Most offensive guards are anonymous figures outside of their respective NFL cities, but don't underestimate the importance of the position. Teams that get solid play from their interior offensive line are able to be more creative and more successful in the run game, plus provide better pass protection up the middle, which allows the quarterback to step up in the pocket and deliver the football with more accuracy.
The Bears thought they were set at guard heading into the 2012 regular season, but a rash of injuries (Lance Louis, Chris Spencer), coupled with Chilo Rachal going AWOL, depleted the unit to the point where not only did former first-round pick Gabe Carimi have to bounce inside after he lost his starting right tackle, but the club was forced to play undrafted rookie free agent James Brown the final three games of the year.
The outlook for guard next year hinges on several factors, starting with Louis' recovery from the torn ACL he suffered in late November versus the Minnesota Vikings at Soldier Field. Louis is scheduled to be an unrestricted free agent, and before the injury, he was easily the best offensive lineman on the Bears' roster. Re-signing Louis, who continues to rehab at Halas Hall, would ease some of the concern inside, but not all of it, especially since it's unclear when exactly Louis will be able to get back on the field.
But that's just one of several questions the Bears face.
Brown has potential, but is it too early to pencil him in for a starting job with just three career starts? Is Carimi a guard or a tackle? Is Carimi even a starter moving forward? Does the team consider bringing back Spencer, also an unrestricted free agent, for the sake of depth? Is Edwin Williams still in the mix?
With so many unknowns, it's a safe bet the Bears target guard as an area to improve in the offseason. That help could come in the draft, where the 2013 class is said to be a strong one for offensive linemen. But if the Bears opt for experience inside, here are some of the projected unrestricted free agents who might be available starting on March 12.
Andy Levitre, Buffalo Bills: Levitre has started every game (64) at guard for the Bills since he entered the league in 2009 as a second-round pick out of Oregon State. He's young (26), durable and experienced. That's the hat trick for free agent offensive linemen.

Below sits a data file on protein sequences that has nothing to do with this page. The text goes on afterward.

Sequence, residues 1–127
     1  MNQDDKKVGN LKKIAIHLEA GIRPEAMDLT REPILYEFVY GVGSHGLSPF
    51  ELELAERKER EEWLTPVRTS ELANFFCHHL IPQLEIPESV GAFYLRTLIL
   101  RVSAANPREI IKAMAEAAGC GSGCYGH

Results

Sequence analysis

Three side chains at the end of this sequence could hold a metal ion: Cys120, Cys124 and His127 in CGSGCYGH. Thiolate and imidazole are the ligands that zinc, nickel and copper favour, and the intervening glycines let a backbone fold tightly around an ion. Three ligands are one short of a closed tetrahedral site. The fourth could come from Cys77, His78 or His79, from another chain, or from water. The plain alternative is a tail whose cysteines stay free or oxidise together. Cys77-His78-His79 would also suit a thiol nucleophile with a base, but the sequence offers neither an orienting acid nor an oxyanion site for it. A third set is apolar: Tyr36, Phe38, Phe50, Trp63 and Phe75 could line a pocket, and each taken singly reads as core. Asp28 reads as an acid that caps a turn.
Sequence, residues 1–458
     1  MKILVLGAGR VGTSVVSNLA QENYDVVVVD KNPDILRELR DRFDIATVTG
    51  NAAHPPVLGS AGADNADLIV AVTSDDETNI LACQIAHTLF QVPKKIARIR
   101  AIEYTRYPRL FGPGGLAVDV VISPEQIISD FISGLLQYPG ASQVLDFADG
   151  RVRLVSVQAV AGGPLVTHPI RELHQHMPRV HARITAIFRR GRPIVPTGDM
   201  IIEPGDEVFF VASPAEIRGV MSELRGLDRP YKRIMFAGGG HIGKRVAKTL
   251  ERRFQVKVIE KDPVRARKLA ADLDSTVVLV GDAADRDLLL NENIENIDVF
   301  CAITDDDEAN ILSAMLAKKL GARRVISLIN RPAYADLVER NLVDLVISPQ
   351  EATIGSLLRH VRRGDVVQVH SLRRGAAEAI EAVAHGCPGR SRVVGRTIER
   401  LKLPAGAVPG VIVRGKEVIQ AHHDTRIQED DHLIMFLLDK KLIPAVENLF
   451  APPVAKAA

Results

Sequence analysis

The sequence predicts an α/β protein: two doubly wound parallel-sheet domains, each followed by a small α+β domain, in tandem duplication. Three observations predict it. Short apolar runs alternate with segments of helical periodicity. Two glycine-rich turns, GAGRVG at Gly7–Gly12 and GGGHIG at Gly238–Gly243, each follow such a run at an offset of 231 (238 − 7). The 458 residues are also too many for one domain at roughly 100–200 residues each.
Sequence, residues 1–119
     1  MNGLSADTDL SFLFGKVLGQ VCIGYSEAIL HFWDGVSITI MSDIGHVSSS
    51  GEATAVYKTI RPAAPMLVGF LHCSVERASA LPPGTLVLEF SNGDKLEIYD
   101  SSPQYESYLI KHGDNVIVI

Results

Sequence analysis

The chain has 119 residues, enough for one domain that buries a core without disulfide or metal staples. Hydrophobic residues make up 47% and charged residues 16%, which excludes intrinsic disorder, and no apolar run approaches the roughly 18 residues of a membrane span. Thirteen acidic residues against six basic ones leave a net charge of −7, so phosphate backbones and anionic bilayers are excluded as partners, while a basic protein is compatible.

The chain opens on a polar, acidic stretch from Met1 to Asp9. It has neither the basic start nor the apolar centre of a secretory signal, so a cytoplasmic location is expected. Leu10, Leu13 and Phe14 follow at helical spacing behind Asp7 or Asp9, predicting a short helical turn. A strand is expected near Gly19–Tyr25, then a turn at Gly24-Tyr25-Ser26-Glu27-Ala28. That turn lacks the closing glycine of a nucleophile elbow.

Louis Vasquez, San Diego Chargers: With 54 career starts over the last four years, Vasquez is comparable to Levitre, although he is larger body-type standing 6-foot-5.
Brandon Moore, New York Jets: There were a couple of bright spots for the Jets this season, and Moore was one of them. The 10-year veteran right guard from the University of Illinois figures to be the most accomplished guard on the open market. Moore is 32-years old, but he's younger than Ruben Brown was when he helped anchor the offensive line that led the Bears to the Super Bowl in 2006.
Ramon Foster, Pittsburgh Steelers: A full-time starter for Pittsburgh the last two years, Foster is believed to be one of several Steelers' starting offensive linemen who could leave the team in the offseason.
Kevin Boothe, New York Giants: Boothe played early in his career with the Oakland Raiders, but spent much of his time in New York as a reserve until he made nine starts in 2011 when the Giants won their second Super Bowl. He then moved into a full-time starting role last season at left guard.
Matt Slauson, New York Jets: Slauson started all 16 games for the Jets at left guard the last three years, and also authored the much talked about cut block that ended Houston linebacker Brian Cushing's season in October.